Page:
CHASKA, Minn. -- There was no reason to expect Rich Beem to
be leading the PGA Championship with five holes to play in the
third round Saturday. Apparently, Beem didn't expect it, either.
Rich Beem tried to get too aggressive down the stretch on Saturday; as a result, he's three strokes back.
''It's a major, and guys like me aren't supposed to contend in a
major,'' Beem said.
So because he tried being Tiger Woods instead of himself as the
wind calmed down and the birdies started coming for the leaders
late in the afternoon, Beem is three shots down to Justin Leonard
entering Sunday's final round.
After spending 2½ days carefully building a 1-shot lead going
into the 14th hole, Beem lost it in a potentially pivotal five-hole
swing that turned Beem from leader to chaser.
Maybe it's because he was playing on the Dakotas Tour only a
couple of years ago, and not playing all that well. But it seemed
as if Beem suddenly realized where he was -- and began to wonder
what he was doing there.
''I don't have any expectations of winning,'' he said. ''It
takes something special to win a major, and I don't know if I've
got it. ... It's going to be really tough to catch (Leonard).''
So much for being overconfident.
What might have hurt him was being overly aggressive. He started
to chase birdies as the scoring conditions improved, rather than
letting them come to him.
''I don't stick to game plans very well,'' Beem said. ''I kind
of make it up as I go along.''
Leading by a shot going into the par-4 14th, Beem hit his tee
shot far right, behind a tree in the deep rough. Instead of hitting
into the fairway and pitching up, he tried being Tigerlike and
going for it. He wound up hitting into a bunker to the left of the
green and settling for a bogey -- his first of the day -- that
dropped him into a tie with Leonard.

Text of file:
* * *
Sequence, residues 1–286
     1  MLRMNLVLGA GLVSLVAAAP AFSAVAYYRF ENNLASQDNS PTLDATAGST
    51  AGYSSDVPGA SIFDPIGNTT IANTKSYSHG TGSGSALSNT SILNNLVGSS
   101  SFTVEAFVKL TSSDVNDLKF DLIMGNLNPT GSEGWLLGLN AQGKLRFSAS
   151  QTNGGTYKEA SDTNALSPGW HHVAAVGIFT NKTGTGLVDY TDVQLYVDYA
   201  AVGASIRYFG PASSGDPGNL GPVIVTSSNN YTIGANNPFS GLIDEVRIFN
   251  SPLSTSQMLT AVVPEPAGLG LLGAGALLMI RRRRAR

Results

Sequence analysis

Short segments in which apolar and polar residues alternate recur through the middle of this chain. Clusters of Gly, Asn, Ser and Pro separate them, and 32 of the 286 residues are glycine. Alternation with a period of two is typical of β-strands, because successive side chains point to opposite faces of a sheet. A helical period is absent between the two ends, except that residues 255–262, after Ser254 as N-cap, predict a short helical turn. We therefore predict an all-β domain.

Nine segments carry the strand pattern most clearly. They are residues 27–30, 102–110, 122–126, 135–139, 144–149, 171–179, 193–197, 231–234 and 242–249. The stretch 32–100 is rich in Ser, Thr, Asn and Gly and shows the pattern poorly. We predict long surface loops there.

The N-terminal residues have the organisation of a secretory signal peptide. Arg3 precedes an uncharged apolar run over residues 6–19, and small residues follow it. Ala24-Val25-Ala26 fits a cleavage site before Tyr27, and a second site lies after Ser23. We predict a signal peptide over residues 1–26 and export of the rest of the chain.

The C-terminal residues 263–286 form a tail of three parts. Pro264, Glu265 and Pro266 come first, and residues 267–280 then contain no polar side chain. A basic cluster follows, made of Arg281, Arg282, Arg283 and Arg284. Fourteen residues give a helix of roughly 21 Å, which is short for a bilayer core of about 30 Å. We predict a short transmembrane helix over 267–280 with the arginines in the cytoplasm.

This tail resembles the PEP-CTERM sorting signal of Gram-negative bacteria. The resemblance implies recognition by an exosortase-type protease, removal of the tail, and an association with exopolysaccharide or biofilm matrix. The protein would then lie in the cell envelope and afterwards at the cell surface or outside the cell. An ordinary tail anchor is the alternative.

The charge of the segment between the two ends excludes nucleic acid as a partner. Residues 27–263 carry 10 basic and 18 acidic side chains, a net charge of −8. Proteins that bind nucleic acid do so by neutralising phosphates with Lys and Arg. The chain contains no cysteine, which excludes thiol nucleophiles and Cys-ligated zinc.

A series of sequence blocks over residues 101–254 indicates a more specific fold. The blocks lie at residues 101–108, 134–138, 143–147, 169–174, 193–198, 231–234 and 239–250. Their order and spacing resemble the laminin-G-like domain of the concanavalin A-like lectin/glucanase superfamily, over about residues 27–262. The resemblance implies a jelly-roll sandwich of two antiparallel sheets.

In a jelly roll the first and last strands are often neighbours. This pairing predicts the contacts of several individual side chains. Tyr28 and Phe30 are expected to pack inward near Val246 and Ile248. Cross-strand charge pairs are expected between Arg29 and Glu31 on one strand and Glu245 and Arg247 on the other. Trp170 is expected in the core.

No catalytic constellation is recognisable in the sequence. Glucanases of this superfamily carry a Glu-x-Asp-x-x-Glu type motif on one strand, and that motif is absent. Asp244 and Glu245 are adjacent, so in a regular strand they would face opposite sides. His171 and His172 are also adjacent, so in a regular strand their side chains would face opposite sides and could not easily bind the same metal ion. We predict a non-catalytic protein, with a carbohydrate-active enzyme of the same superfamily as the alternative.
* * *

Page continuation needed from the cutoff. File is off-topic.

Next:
Then on 15, he aroused the attention of some spectators, and the
rules official who accompanied him, by swiping at a piece of debris
in front of his ball with his cap. A player cannot use any
equipment to do so on the green, but Beem escaped penalty because
he was on the fringe.
''I know the rules and I didn't think twice about it, but I knew
it would get some attention,'' he said. ''Mission accomplished. I
just wanted to give everybody something to talk about.''
Instead, they were talking for another reason. His game suddenly
turning on him, just as the gusting wind that blew across Hazeltine
National all day began to decrease, he bogeyed the par-3 17th after
his tee shot hit a tree limb and fell into a bunker.
''I thought I hit a good shot,'' he said. ''I still don't know
how that happened.''
He saved par by sinking a putt on 18, but the damage was done:
As he had bogeys on two of the last five holes, Leonard had birdies
on 15 and 16.
Now the former stereo salesman and assistant club pro -- he was
told by his pro to either pursue a PGA career or get out of the
game -- must come from behind if he's going to win his first major.
Despite sounding uncertain of his own ability to win Sunday,
Beem did so only three weeks ago in The International, holding on
for his second PGA Tour victory, even as Steve Lowery had a double
eagle, eagle and birdie on the last five holes.
''I'm not saying it's impossible (to win),'' he said. ''I'm
looking forward to seeing what it takes to win a major.''